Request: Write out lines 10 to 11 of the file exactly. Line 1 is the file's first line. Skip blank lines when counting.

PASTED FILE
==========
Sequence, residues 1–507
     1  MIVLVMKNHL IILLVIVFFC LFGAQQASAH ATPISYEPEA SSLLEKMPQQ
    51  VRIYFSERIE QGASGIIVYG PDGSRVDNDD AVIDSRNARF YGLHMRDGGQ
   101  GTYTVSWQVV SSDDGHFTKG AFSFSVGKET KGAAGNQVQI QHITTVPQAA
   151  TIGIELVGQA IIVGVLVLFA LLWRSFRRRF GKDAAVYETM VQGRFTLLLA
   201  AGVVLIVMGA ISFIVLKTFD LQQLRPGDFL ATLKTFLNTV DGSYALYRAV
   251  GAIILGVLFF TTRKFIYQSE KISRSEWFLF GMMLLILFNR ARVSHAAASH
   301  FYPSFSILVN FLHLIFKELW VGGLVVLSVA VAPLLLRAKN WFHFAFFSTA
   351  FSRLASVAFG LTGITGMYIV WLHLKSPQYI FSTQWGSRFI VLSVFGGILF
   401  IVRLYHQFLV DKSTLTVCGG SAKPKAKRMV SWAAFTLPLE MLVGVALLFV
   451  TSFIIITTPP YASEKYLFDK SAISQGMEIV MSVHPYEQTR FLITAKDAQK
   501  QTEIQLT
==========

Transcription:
   401  IVRLYHQFLV DKSTLTVCGG SAKPKAKRMV SWAAFTLPLE MLVGVALLFV
   451  TSFIIITTPP YASEKYLFDK SAISQGMEIV MSVHPYEQTR FLITAKDAQK